Social sector mining data to solve problems
Source – straitstimes.com
There are now 2,000 known programmes run by close to 400 social and welfare charities in Singapore. Are these programmes meeting the needs on the ground?
The National Council of Social Service (NCSS), which oversees all social service organisations here, is building a big digital dashboard to find out.
The dashboard will tap into big data and data analytics to track if the supply of social services meets the demand fuelled by social needs of different beneficiary groups.
The council is not alone in its big data vision. Other charities and leaders in the sector are slowly warming up to the potential of mining big data and analysing it to identify social trends and solve social problems of the day.
The National Volunteer and Philanthropy Centre (NVPC), for instance, now knows who is donating on its online portal, how much and when. Millennials, aged 22 to 37 years old, form the bulk of donors on its portal, with 11,666 of them in its database so far.
However, it is the baby boomers – those aged between 52 and 72 years old – who were donating the most. They gave an average of $405 this year. People were also found to donate twice as much money at the end of the year – about $400 – as compared to other times of the year.
These donation trends and insights were gained after Tableau Foundation sponsored NVPC for the licence and training to use its data analytics software last year.
Tableau is one of the top data software companies in the market. More than 90 per cent of Fortune 500 companies use Tableau daily to make data-driven business decisions.
Upon learning more about the profile and behaviour of donors, NVPC used that knowledge to target and market fund-raising causes more effectively, said its spokesman.
For those who have donated before, NVPC recommended other charities for the donors. For those who have not donated before, NVPC curated content to raise awareness about various causes to prompt them to take action.
The results speak for themselves. Between April last year and April this year, donation amounts doubled to almost half a million on the portal, compared with the annual average of $200,000 seen in the previous years from 2009.
Globally, countries and companies have been using data analytics software to tackle issues from ending malaria in Zambia to facilitating democracy in Myanmar.
In Singapore, the Government started releasing official data in 2011 on a dedicated site – data.gov.sg – so that members of the public can use the data to solve problems and meet needs.
“We believe that data can have enormous value to non-profit organisations, enabling them to increase transparency and accountability, expand their relationships with funders, discover new trends in their programmes, and tell more powerful stories about their communities,” said NVPC’s chief executive Melissa Kwee.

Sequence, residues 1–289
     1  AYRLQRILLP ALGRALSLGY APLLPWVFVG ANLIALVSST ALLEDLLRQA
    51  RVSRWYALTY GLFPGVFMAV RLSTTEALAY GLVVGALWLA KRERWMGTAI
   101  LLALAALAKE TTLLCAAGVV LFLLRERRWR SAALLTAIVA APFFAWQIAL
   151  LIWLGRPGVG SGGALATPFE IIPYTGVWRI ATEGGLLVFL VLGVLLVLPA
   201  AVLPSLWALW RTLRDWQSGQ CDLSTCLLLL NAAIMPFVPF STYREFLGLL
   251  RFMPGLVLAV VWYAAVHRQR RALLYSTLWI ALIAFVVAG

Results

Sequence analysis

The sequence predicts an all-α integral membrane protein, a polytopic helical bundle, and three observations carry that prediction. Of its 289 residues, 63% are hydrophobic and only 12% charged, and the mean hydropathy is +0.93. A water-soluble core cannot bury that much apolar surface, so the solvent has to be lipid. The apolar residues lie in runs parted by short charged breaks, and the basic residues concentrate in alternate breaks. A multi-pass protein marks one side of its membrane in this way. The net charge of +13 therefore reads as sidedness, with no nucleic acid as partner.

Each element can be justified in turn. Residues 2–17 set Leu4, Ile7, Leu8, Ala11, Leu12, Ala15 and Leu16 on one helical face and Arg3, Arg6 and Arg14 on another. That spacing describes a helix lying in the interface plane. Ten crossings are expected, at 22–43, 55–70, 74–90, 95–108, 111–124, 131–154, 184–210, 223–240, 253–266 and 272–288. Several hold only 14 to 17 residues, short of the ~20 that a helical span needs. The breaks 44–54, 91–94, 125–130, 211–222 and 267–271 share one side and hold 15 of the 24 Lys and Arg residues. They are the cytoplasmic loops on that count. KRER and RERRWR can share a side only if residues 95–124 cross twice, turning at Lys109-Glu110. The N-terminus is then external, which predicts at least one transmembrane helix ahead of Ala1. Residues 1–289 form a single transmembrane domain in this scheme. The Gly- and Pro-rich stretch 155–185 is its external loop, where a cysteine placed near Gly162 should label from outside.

The NCSS dashboard project will be executed in the next two years.
Supply of social services will be tracked according to outcomes, utility rates and funding of the projects.
Demand for social services will be appraised by quality of life measures, survey of public attitudes towards certain social issues, and other needs assessments.
By evaluating if supply meets demand, NCSS hopes to better serve the needs of the vulnerable in Singapore. It is a big vision which the council hopes to execute in the next two years.
For now, the council has embarked on a smaller data project that allows the listing of resources to be customised to the age group and condition of the beneficiary.
For instance, when a senior with depression or a 35-year-old with a physical disability were to specify these characteristics on a portal, the page will load the services available – be it daycare or support group sessions – on a location map.
Some smaller charities are also coming up with their own innovative data software projects.
Disabled People’s Association (DPA) has noticed that the iconic Flag Day charity projects are slowly dying off because they are very laborious and time-consuming.
It started working with global technology consultancy ThoughtWorks in 2015 to automate Flag Day operations and collect data that would be useful for future runs.
DPA’s software and data analytics allow it to track the registration of volunteers and the deployment of donation tins.
Today, about eight charities are using this software and larger data trends, such as studying the days of the week and the areas in which donations are higher.
Said Dr Marissa Lee, executive director of DPA: “Everything we do is funded by donors’ goodwill, so we have a moral imperative to think smarter about how we use our time and manpower.
“Data analytics is an important and easy way to make sure what we are doing is efficient and producing our intended outcomes.”